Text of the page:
What are the pros and cons of a hard money loan?

Hard money loans have the following advantages:

  • Fast approval process: Borrowers can be approved for hard money loans much faster than traditional loans, often within a couple days.
  • Based on assets, not credit: Borrowers with poor credit histories can get approved for a hard money loan as long as they have sufficient collateral.

However, hard money loans have the following disadvantages:

  • Low loan-to-value (LTV) ratios: Hard money loans typically finance a smaller portion of a property’s value than a conventional loan would. A hard money lender may offer a loan for 50% to 70% of a property’s purchase price, while a traditional lender usually offers a loan for 80% to 95% of the purchase price.
  • High interest: Hard money loans come with high interest rates. Typical hard money loan interest rates are 7.5% to 15%, while traditional bank loans are 3.13% to 7.84%.

Are hard money loans a good idea?

Hard money loans can be useful for real estate investors who really know what they’re doing. They can help home flippers secure a loan quickly and get into a market that’s moving fast, but they come with high interest rates and more conservative LTV ratios.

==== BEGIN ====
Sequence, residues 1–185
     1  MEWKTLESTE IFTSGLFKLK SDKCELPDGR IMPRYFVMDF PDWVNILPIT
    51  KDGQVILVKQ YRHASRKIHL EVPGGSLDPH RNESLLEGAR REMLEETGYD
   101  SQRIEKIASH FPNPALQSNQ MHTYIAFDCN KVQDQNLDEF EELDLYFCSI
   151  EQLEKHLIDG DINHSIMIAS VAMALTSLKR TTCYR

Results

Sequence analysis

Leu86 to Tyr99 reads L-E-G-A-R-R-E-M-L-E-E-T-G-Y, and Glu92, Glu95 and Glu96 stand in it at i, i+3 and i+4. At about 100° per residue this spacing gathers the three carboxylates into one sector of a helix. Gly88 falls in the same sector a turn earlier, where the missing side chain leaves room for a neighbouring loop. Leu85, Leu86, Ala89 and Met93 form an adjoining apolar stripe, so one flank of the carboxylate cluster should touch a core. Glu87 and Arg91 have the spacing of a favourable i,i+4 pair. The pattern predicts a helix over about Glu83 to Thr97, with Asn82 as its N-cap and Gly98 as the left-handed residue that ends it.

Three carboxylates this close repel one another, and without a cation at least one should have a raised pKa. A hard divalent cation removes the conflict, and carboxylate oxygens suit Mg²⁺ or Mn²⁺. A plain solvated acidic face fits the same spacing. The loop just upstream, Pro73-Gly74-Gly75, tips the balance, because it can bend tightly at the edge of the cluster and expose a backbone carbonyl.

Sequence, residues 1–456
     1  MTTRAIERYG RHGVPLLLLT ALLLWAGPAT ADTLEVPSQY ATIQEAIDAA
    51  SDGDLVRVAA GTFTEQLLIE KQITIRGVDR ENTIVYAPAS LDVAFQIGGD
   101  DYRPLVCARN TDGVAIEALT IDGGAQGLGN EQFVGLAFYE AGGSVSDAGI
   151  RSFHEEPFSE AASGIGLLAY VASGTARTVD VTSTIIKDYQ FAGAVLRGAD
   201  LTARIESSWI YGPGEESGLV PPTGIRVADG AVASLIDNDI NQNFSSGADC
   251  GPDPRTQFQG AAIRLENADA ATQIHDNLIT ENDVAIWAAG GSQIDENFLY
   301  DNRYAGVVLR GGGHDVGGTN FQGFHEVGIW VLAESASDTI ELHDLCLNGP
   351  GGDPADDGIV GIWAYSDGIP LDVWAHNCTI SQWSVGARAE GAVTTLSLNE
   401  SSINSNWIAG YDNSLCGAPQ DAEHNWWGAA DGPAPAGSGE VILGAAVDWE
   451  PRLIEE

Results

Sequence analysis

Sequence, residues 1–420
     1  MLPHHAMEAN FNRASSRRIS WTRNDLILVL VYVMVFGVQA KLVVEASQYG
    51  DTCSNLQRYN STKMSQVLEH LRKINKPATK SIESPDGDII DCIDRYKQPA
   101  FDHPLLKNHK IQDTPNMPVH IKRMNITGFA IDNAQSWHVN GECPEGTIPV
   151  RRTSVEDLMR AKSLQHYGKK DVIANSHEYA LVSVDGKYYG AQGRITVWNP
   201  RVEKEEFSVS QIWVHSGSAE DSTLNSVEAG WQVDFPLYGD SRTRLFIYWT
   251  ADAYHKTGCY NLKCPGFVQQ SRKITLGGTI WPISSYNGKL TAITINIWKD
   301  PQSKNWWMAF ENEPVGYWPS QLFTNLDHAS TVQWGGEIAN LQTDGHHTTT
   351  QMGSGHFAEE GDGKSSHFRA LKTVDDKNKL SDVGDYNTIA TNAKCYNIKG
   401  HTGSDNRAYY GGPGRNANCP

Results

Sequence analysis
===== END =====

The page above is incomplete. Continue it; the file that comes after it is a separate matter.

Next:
Generally, you’ll want to have successfully flipped homes before considering a hard money loan. If you’re not confident you can sell the house quickly for at least enough money to cover the loan (including its high interest charges and any other fees) and make a profit, this type of loan may bring more risk than it’s worth.

For regular borrowers, hard money loans are usually seen as a last resort to be considered only when all other options have been exhausted. Clearly, they are not a “good” idea, but may be a necessary one in some cases.

What are the requirements to get a hard money loan?

Unlike traditional lenders, hard money lenders assess loan applicants on their investing track record and the value of the property being used as collateral.

However, hard money lenders are often hesitant to offer loans to first-time investors and will take their credit histories into account. Overall, hard money loans are based more on assets than creditworthiness, but an ideal applicant will have both.